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Gardening Articles: Edibles :: Herbs

Brilliant Bee Balms

by Holly Shimizu

Looking out my front window, I am struck by the many reasons I love bee balms (Monarda spp.). I can clip young leaves to brew herbal tea, or harvest the flowers to add to a salad.

Butterflies, hummingbirds, bees, and other nectar-seeking creatures covet the tubular flowers on rounded flower heads, which are brilliant additions to late-summer herb gardens and flower borders. Moreover, several varieties with distinctive colors and unique shapes are now more readily available. I've combined several in my own edible landscape border, and the sight is impressive. The more I grow bee balms, the more I discover new virtues of these remarkable plants.

Our ancestors understood that bee balm is both good-looking and good for you. In Colonial times, it was important enough to be planted near front doors, where it was easy to see and easy to harvest. Later settlers used Oswego tea (M. didyma), also called bergamot, in place of true bergamot (a citrus) to make a version of Earl Grey tea.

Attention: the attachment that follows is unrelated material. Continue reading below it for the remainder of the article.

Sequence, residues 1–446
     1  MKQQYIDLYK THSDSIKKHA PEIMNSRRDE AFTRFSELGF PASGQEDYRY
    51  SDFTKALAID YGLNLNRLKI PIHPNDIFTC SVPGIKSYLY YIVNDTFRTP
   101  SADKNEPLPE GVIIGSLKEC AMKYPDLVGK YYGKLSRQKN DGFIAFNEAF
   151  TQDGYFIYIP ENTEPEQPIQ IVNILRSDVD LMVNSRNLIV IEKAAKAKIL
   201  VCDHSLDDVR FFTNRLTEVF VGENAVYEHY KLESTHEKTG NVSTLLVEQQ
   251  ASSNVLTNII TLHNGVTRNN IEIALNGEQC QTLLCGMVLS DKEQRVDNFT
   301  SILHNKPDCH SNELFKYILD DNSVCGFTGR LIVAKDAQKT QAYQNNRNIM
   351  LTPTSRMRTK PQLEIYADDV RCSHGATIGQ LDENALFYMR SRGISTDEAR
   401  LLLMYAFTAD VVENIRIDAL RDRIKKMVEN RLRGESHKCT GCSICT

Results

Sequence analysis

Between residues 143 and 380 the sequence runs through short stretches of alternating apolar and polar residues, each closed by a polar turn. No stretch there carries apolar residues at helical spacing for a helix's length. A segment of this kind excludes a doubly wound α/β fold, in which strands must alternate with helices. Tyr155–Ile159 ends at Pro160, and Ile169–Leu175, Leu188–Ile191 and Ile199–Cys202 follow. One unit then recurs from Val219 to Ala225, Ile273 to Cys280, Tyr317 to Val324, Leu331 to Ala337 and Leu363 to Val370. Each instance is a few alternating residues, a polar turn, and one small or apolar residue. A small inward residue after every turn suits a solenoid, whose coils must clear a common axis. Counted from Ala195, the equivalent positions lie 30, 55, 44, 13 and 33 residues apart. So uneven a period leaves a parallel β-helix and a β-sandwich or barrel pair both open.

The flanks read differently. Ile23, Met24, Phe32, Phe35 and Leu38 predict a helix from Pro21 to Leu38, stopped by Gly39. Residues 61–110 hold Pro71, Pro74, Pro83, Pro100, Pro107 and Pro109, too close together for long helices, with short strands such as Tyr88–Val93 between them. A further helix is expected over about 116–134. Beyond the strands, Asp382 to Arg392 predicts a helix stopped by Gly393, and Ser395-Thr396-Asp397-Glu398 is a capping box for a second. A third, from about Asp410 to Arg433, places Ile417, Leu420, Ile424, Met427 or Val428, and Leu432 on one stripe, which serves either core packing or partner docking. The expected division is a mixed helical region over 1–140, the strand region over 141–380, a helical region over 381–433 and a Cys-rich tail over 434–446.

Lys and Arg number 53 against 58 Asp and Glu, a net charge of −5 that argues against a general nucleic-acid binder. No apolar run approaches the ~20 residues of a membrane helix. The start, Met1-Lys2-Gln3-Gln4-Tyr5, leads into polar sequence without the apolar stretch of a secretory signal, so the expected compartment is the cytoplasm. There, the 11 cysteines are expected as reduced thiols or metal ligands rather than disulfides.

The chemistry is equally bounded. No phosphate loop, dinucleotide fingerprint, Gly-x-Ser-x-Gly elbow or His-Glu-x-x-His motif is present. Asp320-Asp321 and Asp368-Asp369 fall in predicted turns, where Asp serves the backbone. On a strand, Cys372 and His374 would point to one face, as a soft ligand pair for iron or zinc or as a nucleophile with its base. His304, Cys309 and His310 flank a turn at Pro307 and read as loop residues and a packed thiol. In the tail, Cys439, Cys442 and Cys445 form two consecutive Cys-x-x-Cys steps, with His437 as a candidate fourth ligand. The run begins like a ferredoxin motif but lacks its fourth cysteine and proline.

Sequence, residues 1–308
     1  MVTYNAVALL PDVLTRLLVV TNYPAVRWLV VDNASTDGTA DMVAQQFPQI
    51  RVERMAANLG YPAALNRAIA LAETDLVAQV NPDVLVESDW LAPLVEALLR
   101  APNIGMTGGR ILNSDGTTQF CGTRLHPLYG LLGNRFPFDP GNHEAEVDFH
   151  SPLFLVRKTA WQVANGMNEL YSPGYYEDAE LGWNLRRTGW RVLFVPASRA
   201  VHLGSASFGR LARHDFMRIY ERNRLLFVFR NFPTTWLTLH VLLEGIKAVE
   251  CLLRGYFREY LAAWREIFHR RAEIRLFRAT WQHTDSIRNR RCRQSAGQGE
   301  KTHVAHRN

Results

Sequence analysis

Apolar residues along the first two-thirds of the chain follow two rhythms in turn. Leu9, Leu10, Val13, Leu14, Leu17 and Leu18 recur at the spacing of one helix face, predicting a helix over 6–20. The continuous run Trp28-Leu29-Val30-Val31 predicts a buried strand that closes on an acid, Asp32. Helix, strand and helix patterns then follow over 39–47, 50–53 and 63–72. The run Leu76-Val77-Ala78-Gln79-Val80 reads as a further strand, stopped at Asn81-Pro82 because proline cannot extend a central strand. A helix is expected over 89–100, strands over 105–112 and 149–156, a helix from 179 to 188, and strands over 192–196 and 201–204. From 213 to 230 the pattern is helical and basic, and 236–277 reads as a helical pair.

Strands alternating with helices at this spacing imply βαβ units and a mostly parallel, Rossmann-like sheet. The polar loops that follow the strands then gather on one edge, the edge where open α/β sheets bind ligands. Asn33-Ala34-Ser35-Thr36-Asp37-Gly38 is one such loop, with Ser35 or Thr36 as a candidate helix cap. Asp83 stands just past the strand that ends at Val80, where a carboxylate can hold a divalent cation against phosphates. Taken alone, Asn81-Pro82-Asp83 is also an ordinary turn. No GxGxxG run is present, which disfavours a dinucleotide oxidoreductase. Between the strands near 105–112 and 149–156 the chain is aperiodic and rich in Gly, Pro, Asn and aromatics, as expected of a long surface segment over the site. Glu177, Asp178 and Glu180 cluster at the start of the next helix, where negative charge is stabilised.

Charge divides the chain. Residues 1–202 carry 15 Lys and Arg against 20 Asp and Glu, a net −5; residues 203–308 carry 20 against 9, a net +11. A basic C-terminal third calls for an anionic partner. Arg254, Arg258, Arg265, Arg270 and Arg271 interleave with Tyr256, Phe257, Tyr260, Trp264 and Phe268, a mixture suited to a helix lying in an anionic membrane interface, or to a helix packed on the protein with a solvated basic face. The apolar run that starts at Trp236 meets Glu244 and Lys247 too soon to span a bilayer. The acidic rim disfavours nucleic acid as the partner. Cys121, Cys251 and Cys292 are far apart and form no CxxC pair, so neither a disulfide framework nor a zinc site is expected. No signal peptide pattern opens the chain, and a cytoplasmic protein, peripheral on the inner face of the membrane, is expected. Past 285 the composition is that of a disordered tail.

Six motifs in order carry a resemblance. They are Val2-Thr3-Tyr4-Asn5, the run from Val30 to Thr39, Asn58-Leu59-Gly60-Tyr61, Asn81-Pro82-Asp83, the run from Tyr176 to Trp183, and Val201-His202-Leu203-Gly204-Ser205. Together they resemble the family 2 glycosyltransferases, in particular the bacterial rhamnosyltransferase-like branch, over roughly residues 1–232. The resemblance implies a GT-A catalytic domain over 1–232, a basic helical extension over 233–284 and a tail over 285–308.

Knowledge of bee balm's virtues stretches back still further. From Native Americans, early European settlers learned how to treat colds with a tea made of equal amounts of spotted horsemint (M. punctata) and boneset (Eupatorium perfoliatum). In fact, from 1820 to 1882, spotted horsemint was listed in the U.S. Pharmacopoeia, the 19th-century equivalent of today's Physician's Desk Reference. Catawba Indians used bee balm tea to treat backaches. Cherokees combined the leaves and flowering tops of wild bergamot (M. fistulosa) and M. didyma to treat colds, stomach complaints, colic and gas, measles, flu, and heart troubles. Many tribes made a poultice of the leaves to treat headaches.

Current research reinforces the traditional wisdom. Dr. James Duke, retired United States Department of Agriculture ethnobotanist, notes that bee balms, like several of their mint family relatives, are rich in antioxidants (nutrients that protect human cells from damage caused by highly reactive and destructive "free radicals") and thymol (a chemical compound used to treat bacteria, fungus, and intestinal worms, and a key ingredient of Listerine mouthwash and similar antiseptic preparations). Duke recommends drinking a cup of bee balm tea each day to ensure a healthful supply of antioxidants.

Make bee balm tea by adding 1/2 cup of fresh (or 1/4 cup of dried) bee balm leaves and flowers to a tea bag or tea ball. Pour in boiling water and allow to steep for 4 to 5 minutes. Flavor to taste with honey.

You can also use leaves and flowers of bee balm to flavor fruit punch. Use the fresh flowers to add color to salads, or use either dried flowers or leaves to flavor turkey, chicken, or pork.

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